Learning Healthcare System

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Targeted intervention research based on patient responses

Director: Jon Tyson, MD, MPH – Jon.E.Tyson@uth.tmc.edu - 713-516-5429

Co-Directors: Charles C. Miller, III, Ph.D. - Charles.C.Miller@uth.tmc.edu; Matthew Rysavy, MD, Ph.D. - Matthew.A.Rysavy@uth.tmc.edu713-500-5651

Contact: Micquelyn “Micky” Titus – Micquelyn.Titus@uth.tmc.edu - 713-500-5651

New knowledge is generated in learning how to best apply research in treating patients and distinguish effective from ineffective or harmful therapies in “real world” clinical settings. Learning Healthcare (LHC) thus constitutes a paradigm shift from traditional views of patient care, quality improvement (QI), and research as separate and distinct activities. To date, the emphasis in LHC has been on observational studies. Such studies are crucial for generating new hypotheses, identifying rare treatment hazards, and assessing therapies that are not feasible or ethical to study in clinical trials. Unfortunately, even the most carefully designed and analyzed observational studies may involve unknown confounders or other sources of bias that result in widespread use of ineffective or even harmful therapies and contribute to repeated cycles of these treatments eventually being retired after more rigorous study. LHC in the CCTS addresses the use of rigorous and innovative interventional studies, particularly comparative effectiveness research (CER) and randomized QI studies, to avoid the confounding and unavoidable sources of bias in many observational studies, to distinguish effective from truly ineffective or harmful therapies in clinical practice, and augment “real world” care. A strength of our LHC program is its broad integration into other Components of our Clinical and Translational Science Award, including our KL2 and Institutional Scholars and Integrating Special Populations Components.

Consultation Services and Training

The CCTS provides consultation to researchers hoping to integrate LHC into their projects. Training and consultation in LHC is also provided through other CCTS programs, including the KL2 and Institutional Scholars and LHC Scholars programs and courses in the Master’s Program and Clinical Research Curriculum.

Examples of LHC Research

The following are just a few examples of research within the LHC component.

  • Raymond Parlar-Chun, MD, Assistant Professor, Department of Pediatrics, Using Social Media to Decrease Healthcare Utilization for Pediatric Asthma. Institutional Scholar, LHC Award, 2021
  • Lindsay Fleig, MD, MS Assistant Professor, Department of Pediatrics, Bilirubin Neurotoxicity and Neurodevelopmental Impairment in Extremely Preterm Infants: Avoidable by Reducing the Usual Intravenous Lipid Administration? KL2 Scholar, 2021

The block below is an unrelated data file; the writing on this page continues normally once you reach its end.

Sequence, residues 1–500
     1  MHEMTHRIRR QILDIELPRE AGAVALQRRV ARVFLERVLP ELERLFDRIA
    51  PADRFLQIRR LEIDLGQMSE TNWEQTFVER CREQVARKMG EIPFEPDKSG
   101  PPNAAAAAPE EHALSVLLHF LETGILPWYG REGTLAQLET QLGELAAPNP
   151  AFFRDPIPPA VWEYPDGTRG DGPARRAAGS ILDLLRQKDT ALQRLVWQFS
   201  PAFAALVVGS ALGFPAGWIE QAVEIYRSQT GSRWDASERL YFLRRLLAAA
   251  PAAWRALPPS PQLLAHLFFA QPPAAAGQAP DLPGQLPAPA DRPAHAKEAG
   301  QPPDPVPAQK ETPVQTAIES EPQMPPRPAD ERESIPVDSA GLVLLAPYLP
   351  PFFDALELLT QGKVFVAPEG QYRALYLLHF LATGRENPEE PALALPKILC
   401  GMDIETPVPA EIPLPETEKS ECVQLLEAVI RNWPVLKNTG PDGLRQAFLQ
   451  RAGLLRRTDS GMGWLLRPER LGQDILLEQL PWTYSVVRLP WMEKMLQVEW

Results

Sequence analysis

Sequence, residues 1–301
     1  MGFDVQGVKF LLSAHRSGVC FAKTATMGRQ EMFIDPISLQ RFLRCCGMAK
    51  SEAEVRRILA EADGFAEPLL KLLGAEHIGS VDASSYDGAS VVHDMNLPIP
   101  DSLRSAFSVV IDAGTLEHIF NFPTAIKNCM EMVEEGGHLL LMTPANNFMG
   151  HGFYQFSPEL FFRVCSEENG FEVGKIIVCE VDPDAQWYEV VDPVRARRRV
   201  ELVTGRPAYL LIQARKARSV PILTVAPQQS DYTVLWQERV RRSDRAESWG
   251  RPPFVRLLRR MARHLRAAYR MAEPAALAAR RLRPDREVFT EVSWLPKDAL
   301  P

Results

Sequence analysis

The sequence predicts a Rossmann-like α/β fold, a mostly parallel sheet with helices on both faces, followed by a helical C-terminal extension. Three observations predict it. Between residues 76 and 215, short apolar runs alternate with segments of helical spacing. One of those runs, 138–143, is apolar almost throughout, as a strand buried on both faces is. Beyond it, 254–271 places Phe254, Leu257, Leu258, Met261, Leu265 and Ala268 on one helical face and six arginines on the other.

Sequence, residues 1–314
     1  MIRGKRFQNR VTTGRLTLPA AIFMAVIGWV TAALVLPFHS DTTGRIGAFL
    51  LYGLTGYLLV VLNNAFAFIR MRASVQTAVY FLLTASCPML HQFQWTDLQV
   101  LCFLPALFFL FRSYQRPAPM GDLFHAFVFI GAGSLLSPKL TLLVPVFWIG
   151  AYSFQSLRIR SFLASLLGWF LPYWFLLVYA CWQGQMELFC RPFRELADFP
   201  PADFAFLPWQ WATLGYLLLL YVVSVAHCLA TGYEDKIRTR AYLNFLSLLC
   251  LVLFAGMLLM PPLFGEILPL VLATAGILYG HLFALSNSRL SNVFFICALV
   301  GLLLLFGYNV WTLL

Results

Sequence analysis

• Julie Holihan, MD, MS, Assistant Professor, Department of General Surgery, Surgical Repair versus Expectant Management of Occult Inguinal Hernias: Strengthening the Evidence Base and Developing a Decision Tool. KL2 Scholar, 2021
  • Radha Korupolu, MD, MS, Assistant Professor, Department of Physical Medicine and Rehabilitation, Comparison of Mechanical Ventilation with Low and High tTdal Volumes in Acute Spinal Cord Injury: A Pilot Randomized Clinical Trial. KL2 Scholar, 2021
  • Holly Holmes, MD, MS, Associate Professor, Department of Internal Medicine, Team-Based De-prescribing Intervention to Reduce Polypharmacy in Older Adults. Institutional Scholar, 2021
  • Charles Green, PhD, Professor, Departments of Pediatrics and Psychiatry and Paul Cinciripini, PhD, Professor and Chair of Behavioral Sciences (MD Anderson Cancer Center, Precision Implemented Smoking Cessation (an adaptive trial using digital media and telemedicine to assist persons across Texas to stop smoking). LHC Award, 2021.
  • Ricardo Mosquera, MD, MS and Elenir Avritscher, MD, PhD, MBA, A Randomized Trial to Assess the Effectiveness and Cost Effectiveness of Telemedicine for Medically Complex Children,. former KL2 Scholar and LHC Awardees.
  • Luca Giancardo, PhD, Assistant Professor of Biomedical Informatics, Reducing Acute Ischemic Stroke Treatment Delays with Machine-Learning Enabled Process Improvements. 2019 LHC Awards
  • Muhammad Walji, PhD, Professor and Associate Dean, UTHSC-H School of Dentistry, Reducing Opioid Prescribing by Dentists: A Comparative Effectiveness Study of Audit and Feedback. 2019 LHC Award